Posted Thursday, September 7, 2006 3:34 AM | Contributed by Jeff
Cedar Point's new Intamin coaster will combine speed and low curves with a western theme. The lift is powered by LSM motors to 105 feet with a beyond-vertical 95-degree drop. An LSM launch sends the three-car trains out to 70 mph over 4,450 feet of track.
Looks like a lot of fun, and I'm definitely surprised. Much more themed than I expected. I'm also interested in how close to capacity they manage to get: one train every 36 seconds is a tighter interval than TTD.
It looks like a great ride. 2 things, though, that I'm not impressed with:
--capacity that's worst than Dragster
--those Intamin OSTRs; with Storm Runner, I have to ride that thing defensively to enjoy it and keep from getting hurt; why can't they just remove the upper portion (shoulder straps) and leave the giant "U" shaped lapbar? Premier and Anton have proven that these are not always necessary.
rablat: it's not the number of trains, so much as it is the frequency you can dispatch them---though without enough trains, you cant hit the interval. TTD could hit its THRC with its original trains (one row shorter than the current configuration) if it sent a train about every 48 seconds or so. Maverick needs to send a train every 36 seconds to hit 1200 riders per hour.
That's not inconceivable. WDW's Space Mountain dispatches trains between 29 and 21 seconds---dispatch times get shorter as the ride warms up. But, the tolerances are pretty tight. For example, the interval needs to be manually lengthened between a light train (with 2 or more empty seats) and the next one, otherwise the second train could cause a block intrusion.
If I remember right, TTD misses its designed interval in part becuase the time it takes the launch mechanism to reset is longer than was anticipated---there are problems when they try to bring the catch car back "too fast". That won't happen on an LSM coaster, as there are no moving parts.
I suspect the limiting factor is going to be the time it takes to load and check a train. I'm expecting a double-loading station, and separate load/unload, similar to Dragster's setup. It's going to need a dedicated crew, and guests who don't dawdle around with loose article bins, etc.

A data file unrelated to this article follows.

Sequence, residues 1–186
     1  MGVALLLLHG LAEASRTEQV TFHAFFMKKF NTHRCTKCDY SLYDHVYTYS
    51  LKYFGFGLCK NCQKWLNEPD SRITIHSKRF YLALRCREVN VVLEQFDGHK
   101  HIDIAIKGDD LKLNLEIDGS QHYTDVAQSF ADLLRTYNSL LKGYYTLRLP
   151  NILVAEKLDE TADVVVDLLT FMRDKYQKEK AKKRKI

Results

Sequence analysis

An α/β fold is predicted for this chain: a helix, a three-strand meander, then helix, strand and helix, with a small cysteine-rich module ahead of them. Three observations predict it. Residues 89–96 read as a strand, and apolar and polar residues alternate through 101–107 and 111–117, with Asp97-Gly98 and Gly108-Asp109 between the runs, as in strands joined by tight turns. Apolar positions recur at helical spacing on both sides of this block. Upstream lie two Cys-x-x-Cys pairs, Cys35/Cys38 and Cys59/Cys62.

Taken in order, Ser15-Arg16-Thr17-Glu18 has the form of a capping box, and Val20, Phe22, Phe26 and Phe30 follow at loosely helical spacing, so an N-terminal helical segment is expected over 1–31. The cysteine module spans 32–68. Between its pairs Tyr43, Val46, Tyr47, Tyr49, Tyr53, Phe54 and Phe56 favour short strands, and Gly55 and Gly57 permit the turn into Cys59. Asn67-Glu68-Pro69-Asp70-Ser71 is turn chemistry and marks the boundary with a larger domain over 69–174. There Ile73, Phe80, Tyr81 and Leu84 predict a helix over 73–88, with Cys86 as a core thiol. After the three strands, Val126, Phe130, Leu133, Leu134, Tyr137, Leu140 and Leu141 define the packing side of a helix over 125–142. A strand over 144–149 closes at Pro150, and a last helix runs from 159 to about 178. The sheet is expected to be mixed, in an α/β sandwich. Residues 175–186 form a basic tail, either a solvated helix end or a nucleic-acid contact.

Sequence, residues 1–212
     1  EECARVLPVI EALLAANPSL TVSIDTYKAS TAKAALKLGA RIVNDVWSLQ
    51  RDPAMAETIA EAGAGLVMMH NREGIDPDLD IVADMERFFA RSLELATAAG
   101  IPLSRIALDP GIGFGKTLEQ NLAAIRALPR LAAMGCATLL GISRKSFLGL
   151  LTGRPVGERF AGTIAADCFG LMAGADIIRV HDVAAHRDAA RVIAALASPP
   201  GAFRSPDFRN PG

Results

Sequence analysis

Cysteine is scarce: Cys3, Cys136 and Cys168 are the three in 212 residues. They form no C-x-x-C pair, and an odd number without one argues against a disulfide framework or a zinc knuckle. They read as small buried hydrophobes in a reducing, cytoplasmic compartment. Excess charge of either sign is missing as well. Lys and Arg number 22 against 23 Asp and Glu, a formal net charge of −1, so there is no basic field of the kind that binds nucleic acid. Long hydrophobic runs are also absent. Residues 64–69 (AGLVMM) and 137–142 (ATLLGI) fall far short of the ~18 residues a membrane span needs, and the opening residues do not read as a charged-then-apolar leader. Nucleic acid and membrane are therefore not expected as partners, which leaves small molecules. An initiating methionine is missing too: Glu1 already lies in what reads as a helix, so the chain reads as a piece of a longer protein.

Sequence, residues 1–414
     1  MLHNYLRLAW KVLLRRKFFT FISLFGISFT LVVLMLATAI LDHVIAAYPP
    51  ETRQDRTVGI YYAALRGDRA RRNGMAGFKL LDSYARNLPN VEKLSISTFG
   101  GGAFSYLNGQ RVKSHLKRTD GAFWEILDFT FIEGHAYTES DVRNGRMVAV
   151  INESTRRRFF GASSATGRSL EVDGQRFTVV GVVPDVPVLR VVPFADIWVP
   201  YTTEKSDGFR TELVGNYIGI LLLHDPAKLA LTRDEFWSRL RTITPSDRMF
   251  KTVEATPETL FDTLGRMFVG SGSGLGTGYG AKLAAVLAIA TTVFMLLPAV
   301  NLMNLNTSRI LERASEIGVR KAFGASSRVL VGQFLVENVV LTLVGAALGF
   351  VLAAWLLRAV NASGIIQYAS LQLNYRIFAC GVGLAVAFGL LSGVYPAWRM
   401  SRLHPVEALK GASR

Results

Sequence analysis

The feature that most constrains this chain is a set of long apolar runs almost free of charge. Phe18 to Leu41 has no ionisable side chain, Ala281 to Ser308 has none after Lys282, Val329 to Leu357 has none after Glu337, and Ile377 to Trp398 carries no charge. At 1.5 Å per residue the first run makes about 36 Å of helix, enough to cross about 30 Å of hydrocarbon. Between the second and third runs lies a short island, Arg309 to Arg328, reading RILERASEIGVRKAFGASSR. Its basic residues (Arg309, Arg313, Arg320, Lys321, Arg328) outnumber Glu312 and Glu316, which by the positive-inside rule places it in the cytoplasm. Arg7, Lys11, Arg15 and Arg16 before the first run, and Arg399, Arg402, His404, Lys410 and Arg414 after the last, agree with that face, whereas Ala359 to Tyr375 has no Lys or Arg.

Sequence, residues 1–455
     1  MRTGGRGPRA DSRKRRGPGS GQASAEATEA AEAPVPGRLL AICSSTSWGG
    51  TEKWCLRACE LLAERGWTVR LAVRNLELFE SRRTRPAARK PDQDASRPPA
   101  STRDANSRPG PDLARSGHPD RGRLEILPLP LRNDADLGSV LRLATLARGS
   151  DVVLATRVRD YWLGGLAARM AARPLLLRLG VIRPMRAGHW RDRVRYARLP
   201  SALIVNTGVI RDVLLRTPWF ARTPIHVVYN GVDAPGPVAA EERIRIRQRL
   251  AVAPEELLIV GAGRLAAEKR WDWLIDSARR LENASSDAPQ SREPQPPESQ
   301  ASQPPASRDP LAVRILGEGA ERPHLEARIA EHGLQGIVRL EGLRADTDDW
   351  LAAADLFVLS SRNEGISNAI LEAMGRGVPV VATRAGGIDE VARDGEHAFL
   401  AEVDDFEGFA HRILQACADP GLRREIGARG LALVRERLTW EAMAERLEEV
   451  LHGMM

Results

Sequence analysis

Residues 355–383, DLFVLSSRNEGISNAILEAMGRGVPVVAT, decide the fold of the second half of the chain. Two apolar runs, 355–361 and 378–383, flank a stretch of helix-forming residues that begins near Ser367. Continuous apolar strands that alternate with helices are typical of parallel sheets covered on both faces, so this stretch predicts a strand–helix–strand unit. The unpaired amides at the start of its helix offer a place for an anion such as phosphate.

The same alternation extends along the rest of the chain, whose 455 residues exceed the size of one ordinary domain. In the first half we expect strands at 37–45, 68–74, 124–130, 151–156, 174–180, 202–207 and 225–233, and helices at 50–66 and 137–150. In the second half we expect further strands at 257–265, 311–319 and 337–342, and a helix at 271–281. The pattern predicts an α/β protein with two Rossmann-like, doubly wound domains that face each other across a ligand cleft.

Rick: I imagine at least two load, dispatch to lift crest, lift crest to tunnel, tunnel to brake run, and two unload. That's seven, which is enough for six trains.*** This post was edited by Brian Noble 9/7/2006 3:26:41 PM ***
I love it but I can't get the myspace code to work here at work HaHa. Does anyone know if this is the first ever twisted horseshoe roll? I have never heard of it. *** This post was edited by TonyBlackjack 9/7/2006 4:05:49 PM ***
I have no problem with the restraints, and they still pin you where it counts. I think with a good crew they'll hit 1,200 people per hour no problem. Lots of blocks, lots of trains, no cables or hydraulic nonsense to get in the way.
Between dispatch from the station and clearing the brake block behind the launch is 53 seconds. And from the launch to after the final brakes in 32 seconds, so it's the first half that dictates dispatch times. At a dispatch every 53 seconds, that's 67 dispatches per hour, and at maximum capacity of 12 people per train, no more than 815 people per hour.
Has anyone noticed what looks like brakes on the hill after the 70 Mph launch? Why did they put these here? Is the train going too fast at this point? Why did they make the launch 70 Mph then? Just to have a fast launch?